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Kane County divorce attorneyDivorce is complex; however, dividing property is often the most complicated aspect of a process that can take a long time. Nowhere is this better illustrated than in the procedure for valuing and dividing a family-owned business. Between personal preferences and the market rates, dividing the value of a business will often create major issues during the proceedings.

Valuation Basics

During a divorce, Illinois courts only have the ability to divide marital property. A family business usually qualifies if it is run by both spouses, or if one spouse owns a controlling interest—the rationale is that the spouse working there will bring home paychecks earned by improving the business’s value. If the business is deemed marital property, it must be valued so that it and the couple’s other assets can be divided equitably.

Kane County family lawyerPrenuptial agreements have become popular among marrying couples. One of the most-cited reasons for such an agreement—sometimes called a prenup—is that the couple wishes to prepare for the possibility of a divorce, in the event that it occurs.

Reasons for a Prenup

Divorces in Illinois are fairly common. According to the Illinois Department of Public Health, there were about 69,500 marriages and nearly 29,500 divorces in 2013. Given these statistics, a prenuptial agreement between the spouses that details what will happen if a divorce occurs may be prudent.

Posted on in Mediation

Geneva family law attorneyGiven the current backlog in Illinois courts, many couples are choosing to forego the traditional court case when they divorce, opting instead for alternative methods such as mediation or collaborative divorce. There are multiple reasons that many are choosing to eschew the courts, but perhaps the most common is because mediation is arguably easier and less time-consuming. However, it is not for every couple, and doing research on the issue will help you decide what is best for you.

Advantages of Mediation

For many couples, the advantages of mediation are numerous. If you and your spouse are able to discuss issues amicably, mediation can be cost-effective and efficient, as you will essentially be drawing up your own divorce decree. The mediator is simply there to guide you and advise on any relevant points of law. If this is possible for you and your soon-to-be-ex spouse, you may be able to avoid the significant time and money investment, to say nothing of the psychological cost, of going to court.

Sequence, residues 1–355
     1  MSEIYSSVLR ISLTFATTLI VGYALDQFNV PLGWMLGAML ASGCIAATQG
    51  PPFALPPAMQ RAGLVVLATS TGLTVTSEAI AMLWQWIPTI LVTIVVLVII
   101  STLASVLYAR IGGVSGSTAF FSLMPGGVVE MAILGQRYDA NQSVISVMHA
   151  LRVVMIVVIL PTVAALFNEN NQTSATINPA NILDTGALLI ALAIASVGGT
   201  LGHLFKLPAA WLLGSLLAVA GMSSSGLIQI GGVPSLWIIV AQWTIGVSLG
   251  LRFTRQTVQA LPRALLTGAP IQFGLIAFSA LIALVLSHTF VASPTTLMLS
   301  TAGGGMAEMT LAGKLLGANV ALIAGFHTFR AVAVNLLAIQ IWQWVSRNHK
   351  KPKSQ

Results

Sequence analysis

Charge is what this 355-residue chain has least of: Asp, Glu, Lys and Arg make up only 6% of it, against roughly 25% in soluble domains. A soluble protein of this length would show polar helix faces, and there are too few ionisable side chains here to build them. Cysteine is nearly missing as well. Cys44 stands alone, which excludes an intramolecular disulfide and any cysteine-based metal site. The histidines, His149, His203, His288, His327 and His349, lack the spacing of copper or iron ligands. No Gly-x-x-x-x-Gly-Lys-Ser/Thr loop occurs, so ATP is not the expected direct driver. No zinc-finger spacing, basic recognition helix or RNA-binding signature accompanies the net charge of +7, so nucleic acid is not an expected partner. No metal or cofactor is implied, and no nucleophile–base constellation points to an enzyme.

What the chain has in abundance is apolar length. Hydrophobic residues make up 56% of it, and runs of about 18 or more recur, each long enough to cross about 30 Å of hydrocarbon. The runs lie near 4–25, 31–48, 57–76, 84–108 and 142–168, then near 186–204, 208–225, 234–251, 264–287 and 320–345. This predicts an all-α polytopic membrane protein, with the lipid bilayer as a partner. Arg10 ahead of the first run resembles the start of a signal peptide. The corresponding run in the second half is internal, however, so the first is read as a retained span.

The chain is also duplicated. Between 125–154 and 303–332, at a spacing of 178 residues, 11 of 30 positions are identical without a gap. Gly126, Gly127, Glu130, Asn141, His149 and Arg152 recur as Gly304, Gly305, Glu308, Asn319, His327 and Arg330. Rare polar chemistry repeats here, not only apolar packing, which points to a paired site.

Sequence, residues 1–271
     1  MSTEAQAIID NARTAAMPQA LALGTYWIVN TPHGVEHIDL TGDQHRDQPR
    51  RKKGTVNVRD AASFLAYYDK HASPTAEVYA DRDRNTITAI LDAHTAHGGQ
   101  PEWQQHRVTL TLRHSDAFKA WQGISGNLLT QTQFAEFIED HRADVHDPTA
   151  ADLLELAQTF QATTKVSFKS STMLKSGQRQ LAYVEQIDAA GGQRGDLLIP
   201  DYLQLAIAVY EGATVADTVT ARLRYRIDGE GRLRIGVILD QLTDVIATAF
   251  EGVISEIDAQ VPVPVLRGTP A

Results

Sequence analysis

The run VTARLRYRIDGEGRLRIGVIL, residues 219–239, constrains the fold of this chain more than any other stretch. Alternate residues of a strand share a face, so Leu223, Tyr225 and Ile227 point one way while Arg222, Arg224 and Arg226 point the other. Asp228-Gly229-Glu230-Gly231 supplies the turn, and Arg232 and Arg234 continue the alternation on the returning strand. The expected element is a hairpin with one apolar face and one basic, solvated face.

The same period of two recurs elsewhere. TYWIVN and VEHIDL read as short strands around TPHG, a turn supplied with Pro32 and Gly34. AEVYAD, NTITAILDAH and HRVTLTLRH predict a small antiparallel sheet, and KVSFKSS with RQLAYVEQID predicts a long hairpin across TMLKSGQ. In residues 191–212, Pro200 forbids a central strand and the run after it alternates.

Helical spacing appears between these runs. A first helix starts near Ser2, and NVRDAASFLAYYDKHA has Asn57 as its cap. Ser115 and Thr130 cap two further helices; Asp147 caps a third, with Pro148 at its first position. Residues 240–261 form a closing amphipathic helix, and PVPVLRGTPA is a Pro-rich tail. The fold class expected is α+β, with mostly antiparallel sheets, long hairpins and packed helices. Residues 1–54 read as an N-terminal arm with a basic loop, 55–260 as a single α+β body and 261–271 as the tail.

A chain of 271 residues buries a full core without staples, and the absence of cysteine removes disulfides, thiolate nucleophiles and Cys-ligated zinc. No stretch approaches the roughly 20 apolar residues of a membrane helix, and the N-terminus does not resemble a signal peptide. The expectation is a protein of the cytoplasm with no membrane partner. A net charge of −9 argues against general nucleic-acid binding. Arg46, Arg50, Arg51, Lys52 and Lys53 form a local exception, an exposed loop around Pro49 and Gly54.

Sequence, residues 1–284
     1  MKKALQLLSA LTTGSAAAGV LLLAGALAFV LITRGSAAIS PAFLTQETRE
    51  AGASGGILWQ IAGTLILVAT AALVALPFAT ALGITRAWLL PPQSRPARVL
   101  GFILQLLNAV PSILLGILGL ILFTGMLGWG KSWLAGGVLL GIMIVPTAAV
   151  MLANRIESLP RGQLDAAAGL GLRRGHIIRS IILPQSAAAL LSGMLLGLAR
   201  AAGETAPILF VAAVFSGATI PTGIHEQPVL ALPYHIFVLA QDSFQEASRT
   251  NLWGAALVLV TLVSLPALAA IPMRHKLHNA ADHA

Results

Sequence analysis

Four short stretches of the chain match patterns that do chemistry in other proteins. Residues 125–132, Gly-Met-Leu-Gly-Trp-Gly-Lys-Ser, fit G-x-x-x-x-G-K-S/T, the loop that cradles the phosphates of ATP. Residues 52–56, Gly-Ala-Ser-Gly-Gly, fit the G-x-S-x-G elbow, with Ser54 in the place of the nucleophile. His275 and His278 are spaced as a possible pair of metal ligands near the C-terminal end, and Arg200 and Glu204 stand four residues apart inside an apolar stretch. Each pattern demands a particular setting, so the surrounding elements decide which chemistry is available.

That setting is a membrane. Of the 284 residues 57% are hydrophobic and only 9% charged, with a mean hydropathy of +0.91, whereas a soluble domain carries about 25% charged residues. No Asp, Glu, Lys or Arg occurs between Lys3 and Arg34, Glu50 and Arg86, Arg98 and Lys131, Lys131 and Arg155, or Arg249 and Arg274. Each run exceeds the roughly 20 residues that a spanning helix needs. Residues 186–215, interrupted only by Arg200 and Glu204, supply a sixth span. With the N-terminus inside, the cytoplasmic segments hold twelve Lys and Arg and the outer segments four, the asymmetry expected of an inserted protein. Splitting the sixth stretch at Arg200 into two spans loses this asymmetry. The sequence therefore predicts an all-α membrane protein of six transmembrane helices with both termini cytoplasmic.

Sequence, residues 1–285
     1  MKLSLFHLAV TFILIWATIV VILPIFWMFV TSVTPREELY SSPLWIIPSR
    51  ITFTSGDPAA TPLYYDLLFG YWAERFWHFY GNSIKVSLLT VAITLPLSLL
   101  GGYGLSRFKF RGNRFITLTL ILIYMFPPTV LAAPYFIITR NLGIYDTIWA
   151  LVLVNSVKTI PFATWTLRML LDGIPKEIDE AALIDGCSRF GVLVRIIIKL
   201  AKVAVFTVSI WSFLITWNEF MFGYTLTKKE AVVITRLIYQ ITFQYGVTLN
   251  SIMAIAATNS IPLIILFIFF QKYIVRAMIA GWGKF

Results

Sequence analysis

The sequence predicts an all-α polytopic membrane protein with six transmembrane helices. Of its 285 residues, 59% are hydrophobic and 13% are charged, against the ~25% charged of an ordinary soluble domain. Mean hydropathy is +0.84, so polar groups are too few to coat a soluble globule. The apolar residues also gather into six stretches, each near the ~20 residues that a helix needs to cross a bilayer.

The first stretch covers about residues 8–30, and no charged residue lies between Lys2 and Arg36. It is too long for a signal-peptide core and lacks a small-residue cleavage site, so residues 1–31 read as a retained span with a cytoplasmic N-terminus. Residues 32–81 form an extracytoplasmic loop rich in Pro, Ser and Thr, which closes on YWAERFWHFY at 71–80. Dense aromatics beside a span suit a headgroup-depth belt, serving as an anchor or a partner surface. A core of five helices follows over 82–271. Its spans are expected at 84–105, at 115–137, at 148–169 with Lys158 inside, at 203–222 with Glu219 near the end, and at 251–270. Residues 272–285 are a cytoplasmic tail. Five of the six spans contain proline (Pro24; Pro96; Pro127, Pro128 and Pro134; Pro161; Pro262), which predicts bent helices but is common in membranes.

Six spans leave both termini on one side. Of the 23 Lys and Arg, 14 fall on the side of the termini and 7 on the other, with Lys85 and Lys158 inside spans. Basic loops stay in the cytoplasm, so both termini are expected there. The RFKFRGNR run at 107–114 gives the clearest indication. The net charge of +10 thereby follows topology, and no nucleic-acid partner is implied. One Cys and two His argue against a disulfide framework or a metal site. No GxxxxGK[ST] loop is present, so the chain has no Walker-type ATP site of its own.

Kane County divorce lawyerOften, the number one fear of parents contemplating or currently going through a divorce is that it will negatively affect the children. Unfortunately, there is no silver bullet cure for the pain caused by ending a marriage. Getting a divorce is complicated and messy, but this upheaval does not last forever. There are steps you can take to lessen the burden on your children and help them to not only navigate this new family structure but to thrive in it.

Staying Together May Be Doing More Harm Than Good

Some couples consider divorce completely out of the question and commit to “staying together for the kids” even if they are obviously miserable together. Such couples believe that the children living with both parents at the same time is better for them than a shared custody arrangement. Research has shown, however, that children who live in a home with fighting, arguing, and tension are deeply hurt by this.

kane county family lawyersIn juvenile court, it is sadly not uncommon for parental rights to be terminated if doing so is deemed to be in the best interests of their children. Parents with a history of violence or substance abuse problems, among others, may be deemed unfit. However, the system does not always shut the door irrevocably. If a parent is able to demonstrate that he or she has changed and that it would now be in the best interest of the child to allow the parent to have time with the child, there may be a way to get it.

Each State Has Its Own Laws

Most states do not permit restoration of parental rights in any but the most unusual cases. Illinois is one of nine states that does have a procedure to restore parental rights in certain situations; the other 41 generally do not. The general prevailing view is that certain faults can be corrected if proof of a significant change in circumstances is shown.

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